Ia.144 NHSO2C2H5
Ia.145 N[SO2-(n-C3H7)]2
Ia.146 NHSO2-(n-C3H7)
Ia.147 N[SO2-(n-C4H9)]2
Ia.148 NHSO2-(n-C4H9)
Ia.149 N[SO2CH(CH3)2]2
Ia.150 NHSO2CH(CH3)2
Ia.151 N[SO2CH2CH(CH3)2]2
Ia.152 NHSO2CH2CH(CH3)2
Ia.153 N(SO2CH2Cl)2
Ia.154 NHSO2CH2Cl
Ia.155 N(SO2CH2Cl)2
Ia.156 NHSO2CH2Cl
Ia.157 N(SO2-phenyl)2
Ia.158 NHSO2-phenyl
Ia.159 N(SO2CH2-phenyl)2
Ia.160 NHSO2CH2-phenyl
Ia.161 CH2N(CH3)2
Ia.162 CH2NHCH2COOCH3
Ia.163 NHOH
Ia.164 N(CH3)OCH3
Ia.165 CH2NHOH
Ia.166 CH2N(CH3)OCH3
Ia.167 SH
Ia.168 SCH3
Ia.169 SC2H5
Ia.170 S-(n-C3H7)
Ia.171 S-(n-C4H9)
Ia.172 SCH(CH3)2
Ia.173 SCH2CH(CH3)2
Ia.174 SCH(CH3)C2H5
Ia.175 SC(CH3)3
Ia.176 SCH2CH═CH2
Ia.177 SCH2CH═CHCH3
Ia.178 SCH2CH2CH═CH2
Ia.179 SCH(CH3)CH═CH2
Ia.180 SCH2CC≡H
Ia.181 SCH(CH3)C≡CH
Ia.182 SCH2OCH3
Ia.183 SCH2CH2OCH3
Ia.184 SCH2CN
Ia.185 SCH2CH2F
Ia.186 SCH2CF3
Ia.187 SCH2CH2Cl
Ia.188 SCH2COOCH3
Ia.189 SCH2COOC2H5
Ia.190 SCH2CON(CH3)2
Ia.191 SCH(CH3)COOCH3
Ia.192 SCH(CH3)COOC2H5
Ia.193 SCH(CH3)CON(CH3)2
Ia.194 SCH2CH(═NOCH3)
Ia.195 SCH2CH(═NOC2H5)
Ia.196 SCH2CH[═NO-(n-C3H7)]
Ia.197 SCH2CH[═NOCH(CH3)2]
Ia.198 SCH2CH[═NO-(n-C4H9)]
Ia.199 SCH2CH(═NOCH2CH═CH2)
Ia.200 SCH(CH3)CH(═NOCH3)
Ia.201 SCH(CH3)CH(═NOC2H5)
Ia.202 SCH(CH3)CH[═NO-(n-C3H7)]
Ia.203 SCH(CH3)CH[═NOCH(CH3)2]
Ia.204 SCH(CH3)CH[═NO-(n-C4H9)]
Ia.205 SCH(CH3)CH(═NOCH2CH═CH2)
Ia.206 SCH2C(═NOCH3)COOCH3
Ia.207 SCH2C(═NOC2H5)COOCH3
Ia.208 SCH2C[═NO-(n-C3H7)]COOCH3
Ia.209 SCH2C[═NOCH(CH3)2]COOCH3
Ia.210 SCH2C[═NO-(n-C4H9)]COOCH3
Ia.211 SCH2C(═NOCH2CH═CH2)COOCH3
Ia.212 SCH(CH3)C(═NOCH3)COOCH3
Ia.213 SCH(CH3)C(═NOC2H5)COOCH3
Ia.214 SCH(CH3)C[═NO-(n-C3H7)]COOCH3
Ia.215 SCH(CH3)C[═NOCH(CH3)2]COOCH3
Ia.216 SCH(CH3)C[═NO-(n-C4H9)]COOCH3
Ia.217 SCH(CH3)C(═NOCH2CH═CH2)COOCH3
Ia.218 SCH2C(═NOCH3)COOC2H5
Ia.219 SCH2C(═NOC2H5)COOC2H5
Ia.220 SCH2C[═NO-(n-C3H7)]COOC2H5
Ia.221 SCH2C[═NOCH(CH3)2]COOC2H5
Ia.222 SCH2C[═NO-(n-C4H9)]COOC2H5
Ia.223 SCH2C(═NOCH2CH═CH2)COOC2H5
Ia.224 SCH(CH3)C(═NOCH3)COOC2H5
Ia.225 SCH(CH3)C(═NOC2H5)COOC2H5
Ia.226 SCH(CH3)C[═NO-(n-C3H7)]COOC2H5
Ia.227 SCH(CH3)C[═NOCH(CH3)2]COOC2H5
Ia.228 SCH(CH3)C[═NO-(n-C4H9)]COOC2H5
Ia.229 SCH(CH3)C(═NOCH2CH═CH2)COOC2H5
Ia.230 SCH2C(═NOCH3)COOCH2CH═CH2
Ia.231 SCH2C(═NOC2H5)COOCH2CH═CH2
Ia.232 SCH2C[═NO-(n-C3H7)]COOCH2CH═CH2
Ia.233 SCH2C[═NOCH(CH3)2]COOCH2CH═CH2
Ia.234 SCH2C[═NO-(n-C4H9)]COOCH2CH═CH2
Ia.235 SCH2C(═NOCH2CH═CH2)COOCH2CH═CH2
Ia.236 SCH(CH3)C(═NOCH3)COOCH2CH═CH2
Ia.237 SCH(CH3)C(═NOC2H5)COOCH2CH═CH2
Ia.238 SCH(CH3)C[═NO-(n-C3H7)]COOCH2CH═CH2
Ia.239 SCH(CH3)C[═NOCH(CH3)2]COOCH2CH═CH2
Ia.240 SCH(CH3)C[═NO-(n-C4H9)]COOCH2CH═CH2
Ia.241 SCH(CH3)C(═NOCH2CH═CH2)COOCH2CH═CH2
Ia.242 S-cyclobutyl
Ia.243 S-cyclopentyl
Ia.244 S-cyclohexyl
Ia.245 SCH2-cyclobutyl
Ia.246 SCH2-cyclopentyl
Ia.247 SCH2-cyclohexyl
Ia.248 SCH2-phenyl
Ia.249 SCOCH3
Ia.250 SCOC2H5
Ia.251 SCO-(n-C3H7)
Ia.252 SCO-(n-C4H9)
Ia.253 SCOCH(CH3)2
Ia.254 SCOCH2CH(CH3)2
Ia.255 SCOCH(CH3)C2H5
Ia.256 SCOC(CH3)3
Ia.257 SCOCH2Cl
Ia.258 SCOCH2OCH3
Ia.259 SCO-cyclobutyl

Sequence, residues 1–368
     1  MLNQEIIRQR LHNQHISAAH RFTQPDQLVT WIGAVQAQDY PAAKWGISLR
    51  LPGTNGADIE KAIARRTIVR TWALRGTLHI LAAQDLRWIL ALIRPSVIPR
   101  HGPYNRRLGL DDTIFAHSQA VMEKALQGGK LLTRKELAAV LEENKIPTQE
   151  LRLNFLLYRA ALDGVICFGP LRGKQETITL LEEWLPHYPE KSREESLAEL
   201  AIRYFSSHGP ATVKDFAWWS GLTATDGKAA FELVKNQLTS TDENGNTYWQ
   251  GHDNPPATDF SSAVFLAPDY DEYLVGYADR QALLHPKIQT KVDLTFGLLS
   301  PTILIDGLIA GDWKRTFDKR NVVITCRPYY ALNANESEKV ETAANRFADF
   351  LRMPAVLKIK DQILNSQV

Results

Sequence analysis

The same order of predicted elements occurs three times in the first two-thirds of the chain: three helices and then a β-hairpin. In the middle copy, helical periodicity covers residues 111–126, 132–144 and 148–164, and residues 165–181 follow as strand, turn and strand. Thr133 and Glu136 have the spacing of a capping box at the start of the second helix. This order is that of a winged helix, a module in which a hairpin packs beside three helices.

Ia.260 SCO-cyclopentyl
Ia.261 SCO-cyclohexyl
Ia.262 SCO-phenyl
Ia.263 CH2SCH3
Ia.264 SOCH3
Ia.265 SOC2H5
Ia.266 SO-(n-C3H7)
Ia.267 SO-(n-C4H9)
Ia.268 SOCH(CH3)2
Ia.269 SOCH2CH(CH3)2
Ia.270 SOCH(CH3)C2H5
Ia.271 SOC(CH3)3
Ia.272 SOCH2CH═CH2
Ia.273 SOCH2C≡CH
Ia.274 SO2CH3
Ia.275 SO2C2H5
Ia.276 SO2-(n-C3H7)
Ia.277 SO2-(n-C4H9)
Ia.278 SO2CH(CH3)2
Ia.279 SO2CH2CH(CH3)2
Ia.280 SO2CH(CH3)C2H5
Ia.281 SO2C(CH3)3
Ia.282 SO2CH2CH═CH2
Ia.283 SO2CH2C≡CH
Ia.284 SO2OH
Ia.285 SO2OCH3
Ia.286 SO2OC2H5
Ia.287 SO2O-(n-C3H7)
Ia.288 SO2O-(n-C4H9)
Ia.289 SO2OCH(CH3)2
Ia.290 SO2OCH2CH(CH3)2
Ia.291 SO2OCH(CH3)C2H5
Ia.292 SO2OC(CH3)3
Ia.293 SO2OCH2CH═CH2
Ia.294 SO2OCH2C≡CH
Ia.295 SO2O-cyclobutyl
Ia.296 SO2O-cyclopentyl
Ia.297 SO2O-cyclohexyl
Ia.298 SO2O-phenyl
Ia.299 SO2OCH2-phenyl
Ia.300 SO2NH2
Ia.301 SO2NHCH3
Ia.302 SO2N(CH3)2
Ia.303 SO2NHC2H5
Ia.304 SO2N(C2H5)2
Ia.305 SO2NH-(n-C3H7)
Ia.306 SO2N(n-C3H7)2
Ia.307 SO2NH-(n-C4H9)
Ia.308 SO2N(n-C4H9)2
Ia.309 SO2NHCH2COOCH3
Ia.310 SO2NHCH2COOC2H5
Ia.311 SO2N(CH3)CH2COOCH3
Ia.312 SO2N(CH3)CH2COOC2H5
Ia.313 SO2NH-cyclobutyl
Ia.314 SO2NH-cyclopentyl
Ia.315 SO2NH-cyclohexyl
Ia.316 SO2NH-phenyl
Ia.317 SO2NHCH2-phenyl
Ia.318 SO2-(pyrrolidin-1-yl)
Ia.319 SO2-(piperidin-1-yl)
Ia.320 SO2-(2-methoxycarbonylpyrrolidin-1-yl)
Ia.321 SO2-(2-methoxycarbonylpiperidin-1-yl)
Ia.322 CHO
Ia.323 COCH3
Ia.324 COC2H5
Ia.325 CO-(n-C3H7)
Ia.326 CO-(n-C4H9)
Ia.327 COCH(CH3)2
Ia.328 COCH2CH(CH3)2
Ia.329 COCH(CH3)CH2CH3
Ia.330 COC(CH3)3
Ia.331 COCH2Cl
Ia.332 CO-cyclobutyl
Ia.333 CO-cyclopentyl
Ia.334 CO-cyclohexyl
Ia.335 CO-phenyl
Ia.336 CH(═NOH)
Ia.337 CH(═NOCH3)
Ia.338 CH(═NOC2H5)
Ia.339 CH[═NO-(n-C3H7)]
Ia.340 CH(═NO-(n-C4H9)]
Ia.341 CH[═NOCH(CH3)2]
Ia.342 CH[═NOCH2CH(CH3)2]
Ia.343 CH[═NOCH(CH3)C2H5]
Ia.344 CH[═NOC(CH3)3]
Ia.345 CH(═NOCH2OCH3)
Ia.346 CH(═NO-cyclobutyl)
Ia.347 CH(═NO-cyclopentyl)
Ia.348 CH(═NO-cyclohexyl)
Ia.349 CH(═NO-phenyl)
Ia.350 CH(═NOCH2-phenyl)
Ia.351 COOH
Ia.352 COOCH3
Ia.353 COOC2H5
Ia.354 COO-(n-C3H7)
Ia.355 COOCH(CH3)2
Ia.356 COO-(n-C4H9)
Ia.357 COOCH2CH(CH3)2
Ia.358 COOCH(CH3)C2H5
Ia.359 COOC(CH3)3
Ia.360 COOCH2CH═CH2
Ia.361 COOCH2CH═CHCH3
Ia.362 COOCH2CH2CH═CH2
Ia.363 COOCH(CH3)CH═CH2
Ia.364 COOCH2C≡CH
Ia.365 COOCH(CH3)C≡CH
Ia.366 COOCH2CH2OCH3
Ia.367 COOCH2CN
Ia.368 COOCH2CH2F
Ia.369 COOCH2CF3
Ia.370 COOCH2CH2Cl
Ia.371 COO-cyclobutyl
Ia.372 COO-cyclopentyl
Ia.373 COO-cyclohexyl